Zete decision draws prominent critics

by Alice Gomstyn | 7/19/01 5:00am

Despite recent criticism from the American Civil Liberties Union and several media sources, the College stands firm on its position that it violated neither the First Amendment to the U.S. Constitution nor the spirit of the law -- which guarantees the right of free speech -- in its derecognition of Zeta Psi fraternity.

Earlier this month, the Boston Phoenix, an alternative weekly paper, named College President James Wright as one of several recipients of a "Muzzle Award," given annually to individuals the paper deems to be "anti-free speech zealots." The paper chastised Wright for upholding Zeta Psi's derecognition, claiming that the sanction imposed on the fraternity suppressed its First Amendment rights.

Days later, the Valley News ran a story on its front page titled, "Free Speech Abridged at Dartmouth?" The article mentioned the Phoenix's criticism of the College and also included an interview with executive director of New Hamphire's American Civil Liberties Union chapter, Claire Ebel.

Ebel slammed the College for its handling of the Zeta Psi case.

"The answer to speech you don't like is more speech. It's not censorship, and this [Zeta Psi's derecognition] is censorship," she told the Valley News.

Unlike public institutions such as state universities, Dartmouth, as a private enterprise, is not legally bound to enforce free speech rights in its recognition of campus organizations. Yet administrators do not rely on this legal technicality to defend Dartmouth's actions in the Zeta Psi case, in which the College shut down the fraternity following the emergence of "sex papers" published internally by the Greek house.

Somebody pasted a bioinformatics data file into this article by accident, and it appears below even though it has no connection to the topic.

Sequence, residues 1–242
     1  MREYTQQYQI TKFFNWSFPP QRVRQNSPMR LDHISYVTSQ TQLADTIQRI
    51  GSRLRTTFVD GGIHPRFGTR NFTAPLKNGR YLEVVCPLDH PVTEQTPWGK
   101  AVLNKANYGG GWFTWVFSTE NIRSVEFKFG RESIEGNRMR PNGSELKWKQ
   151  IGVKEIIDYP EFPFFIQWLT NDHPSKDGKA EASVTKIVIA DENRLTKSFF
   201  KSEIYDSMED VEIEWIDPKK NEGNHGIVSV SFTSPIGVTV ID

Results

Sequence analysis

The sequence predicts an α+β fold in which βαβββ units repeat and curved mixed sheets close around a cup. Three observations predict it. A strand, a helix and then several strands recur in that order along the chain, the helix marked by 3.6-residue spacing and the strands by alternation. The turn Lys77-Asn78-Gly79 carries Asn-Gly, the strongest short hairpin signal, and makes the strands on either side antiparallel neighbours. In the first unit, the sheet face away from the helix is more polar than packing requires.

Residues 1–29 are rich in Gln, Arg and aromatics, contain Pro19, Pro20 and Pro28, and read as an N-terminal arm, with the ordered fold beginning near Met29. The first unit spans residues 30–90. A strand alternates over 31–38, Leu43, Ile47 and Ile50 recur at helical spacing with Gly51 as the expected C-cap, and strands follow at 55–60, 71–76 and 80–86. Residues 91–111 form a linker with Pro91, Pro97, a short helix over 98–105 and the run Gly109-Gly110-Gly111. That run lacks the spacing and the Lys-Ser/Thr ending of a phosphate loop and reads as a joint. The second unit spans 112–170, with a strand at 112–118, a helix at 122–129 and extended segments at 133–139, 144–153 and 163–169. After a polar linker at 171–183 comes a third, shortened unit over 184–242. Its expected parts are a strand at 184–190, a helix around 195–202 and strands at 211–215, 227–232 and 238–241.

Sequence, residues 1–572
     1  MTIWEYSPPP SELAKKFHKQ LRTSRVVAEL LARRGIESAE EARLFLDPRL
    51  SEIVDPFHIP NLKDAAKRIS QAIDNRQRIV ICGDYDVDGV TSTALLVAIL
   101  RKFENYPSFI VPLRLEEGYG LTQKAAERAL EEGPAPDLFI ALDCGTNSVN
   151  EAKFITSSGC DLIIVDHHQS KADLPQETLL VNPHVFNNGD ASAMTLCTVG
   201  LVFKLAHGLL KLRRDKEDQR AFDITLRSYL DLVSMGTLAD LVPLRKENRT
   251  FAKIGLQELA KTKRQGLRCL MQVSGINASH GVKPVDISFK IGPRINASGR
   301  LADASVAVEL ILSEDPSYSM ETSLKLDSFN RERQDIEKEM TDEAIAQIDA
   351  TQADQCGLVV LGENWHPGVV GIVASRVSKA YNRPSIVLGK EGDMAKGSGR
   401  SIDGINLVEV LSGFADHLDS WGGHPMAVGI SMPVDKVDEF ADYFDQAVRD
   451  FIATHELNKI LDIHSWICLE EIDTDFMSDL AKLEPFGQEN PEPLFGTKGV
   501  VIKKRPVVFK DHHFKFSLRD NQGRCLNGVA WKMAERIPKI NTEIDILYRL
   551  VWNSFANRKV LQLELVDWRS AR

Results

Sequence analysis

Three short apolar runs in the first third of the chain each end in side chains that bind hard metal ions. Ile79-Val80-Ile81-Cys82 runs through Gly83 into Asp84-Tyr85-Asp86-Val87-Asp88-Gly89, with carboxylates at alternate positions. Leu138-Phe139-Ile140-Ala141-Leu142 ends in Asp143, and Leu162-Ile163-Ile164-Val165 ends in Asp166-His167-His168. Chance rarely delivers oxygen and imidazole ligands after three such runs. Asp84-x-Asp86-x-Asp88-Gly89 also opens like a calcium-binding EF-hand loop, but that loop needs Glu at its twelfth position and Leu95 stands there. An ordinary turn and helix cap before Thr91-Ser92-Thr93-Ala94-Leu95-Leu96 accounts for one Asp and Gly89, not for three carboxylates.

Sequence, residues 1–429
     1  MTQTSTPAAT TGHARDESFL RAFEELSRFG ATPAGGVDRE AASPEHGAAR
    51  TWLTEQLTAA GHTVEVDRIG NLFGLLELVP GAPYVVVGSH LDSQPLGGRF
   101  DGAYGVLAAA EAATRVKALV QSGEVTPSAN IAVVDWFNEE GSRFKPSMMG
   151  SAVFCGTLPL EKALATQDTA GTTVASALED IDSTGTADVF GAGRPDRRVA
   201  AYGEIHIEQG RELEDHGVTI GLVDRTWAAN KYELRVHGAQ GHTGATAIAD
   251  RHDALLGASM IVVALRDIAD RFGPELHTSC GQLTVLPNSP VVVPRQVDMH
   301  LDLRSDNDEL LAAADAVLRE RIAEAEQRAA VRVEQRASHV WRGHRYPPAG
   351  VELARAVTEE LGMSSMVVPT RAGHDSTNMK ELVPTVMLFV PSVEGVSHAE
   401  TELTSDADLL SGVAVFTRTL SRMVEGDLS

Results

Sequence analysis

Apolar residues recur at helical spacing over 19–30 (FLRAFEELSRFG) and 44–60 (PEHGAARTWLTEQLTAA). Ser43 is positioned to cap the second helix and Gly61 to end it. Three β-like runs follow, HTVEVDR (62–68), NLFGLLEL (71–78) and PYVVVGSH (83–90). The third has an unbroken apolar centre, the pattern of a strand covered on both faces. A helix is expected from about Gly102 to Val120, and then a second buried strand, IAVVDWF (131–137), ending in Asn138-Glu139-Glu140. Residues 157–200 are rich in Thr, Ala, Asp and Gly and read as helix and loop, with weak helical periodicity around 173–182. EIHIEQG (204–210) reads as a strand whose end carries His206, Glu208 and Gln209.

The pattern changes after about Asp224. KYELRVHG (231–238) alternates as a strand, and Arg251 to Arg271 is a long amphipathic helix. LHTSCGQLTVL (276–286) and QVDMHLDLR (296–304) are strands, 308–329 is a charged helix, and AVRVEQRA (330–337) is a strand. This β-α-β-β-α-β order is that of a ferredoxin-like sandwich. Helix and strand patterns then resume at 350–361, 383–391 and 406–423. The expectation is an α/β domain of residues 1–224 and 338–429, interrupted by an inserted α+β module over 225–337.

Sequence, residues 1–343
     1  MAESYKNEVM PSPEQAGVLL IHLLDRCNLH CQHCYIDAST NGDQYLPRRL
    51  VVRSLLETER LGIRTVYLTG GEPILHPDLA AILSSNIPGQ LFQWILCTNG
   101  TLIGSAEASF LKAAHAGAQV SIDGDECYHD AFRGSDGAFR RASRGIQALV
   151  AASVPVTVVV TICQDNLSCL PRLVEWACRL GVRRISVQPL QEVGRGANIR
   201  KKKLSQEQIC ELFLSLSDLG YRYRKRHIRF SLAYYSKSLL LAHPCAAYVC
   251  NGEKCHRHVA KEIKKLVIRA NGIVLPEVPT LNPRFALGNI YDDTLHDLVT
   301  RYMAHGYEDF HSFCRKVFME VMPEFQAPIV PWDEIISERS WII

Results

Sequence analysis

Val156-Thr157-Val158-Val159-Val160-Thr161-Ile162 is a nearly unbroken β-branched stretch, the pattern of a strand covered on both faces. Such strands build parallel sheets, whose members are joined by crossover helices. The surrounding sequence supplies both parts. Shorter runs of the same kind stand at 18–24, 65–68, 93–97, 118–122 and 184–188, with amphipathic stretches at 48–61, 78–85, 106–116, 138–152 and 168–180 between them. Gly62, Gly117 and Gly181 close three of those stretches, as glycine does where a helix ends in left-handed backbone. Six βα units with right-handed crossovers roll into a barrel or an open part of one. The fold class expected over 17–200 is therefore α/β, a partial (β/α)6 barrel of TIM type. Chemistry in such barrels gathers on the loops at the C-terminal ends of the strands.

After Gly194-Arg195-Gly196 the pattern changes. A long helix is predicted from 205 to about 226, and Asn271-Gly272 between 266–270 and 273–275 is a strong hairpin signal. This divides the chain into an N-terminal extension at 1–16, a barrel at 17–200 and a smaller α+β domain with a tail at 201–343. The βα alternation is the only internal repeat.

In fact, as written in the Student Handbook, College policy recognizes the necessity of "free and open discussion and debates." According to acting Dean of the College Dan Nelson, free speech, at least in regard to Zeta Psi's derecognition, is not the issue.

"Dartmouth sanctioned the organization for violations of behavior standards, not for speech," Nelson said in an e-mail message.

Nelson explained that Zeta Psi, through its publication of the offensive, often sexually-explicit newsletters, violated codes of conduct that the fraternity, as a College-affiliated organization, had originally agreed to uphold and was therefore subject to disciplinary action.

Nelson's statements echo those made months earlier by Dean of Residential Life Martin Redman. In an interview immediately following the announcement of the Zeta Psi decision in May, Redman -- who ultimately made the decision to derecognize the house -- explained that irrespective of the College's policy on free speech, individuals and organizations are to be held accountable if they violate rules such as harassment and ethical conduct. Zeta Psi, according to Redman, was guilty of just that.

Nelson sharply disagreed with Ebel's position.

"The point of view described in The Valley News story, which perceives that Dartmouth has somehow impinged on free speech rights by holding Zeta Psi responsible for its behavior, is incorrect," he said, later adding that, "the College has a long, proud history of protecting freedom of speech, and the actions taken in response to Zeta Psi's behavior are not at all inconsistent with that."

Ebel was not available for direct comment.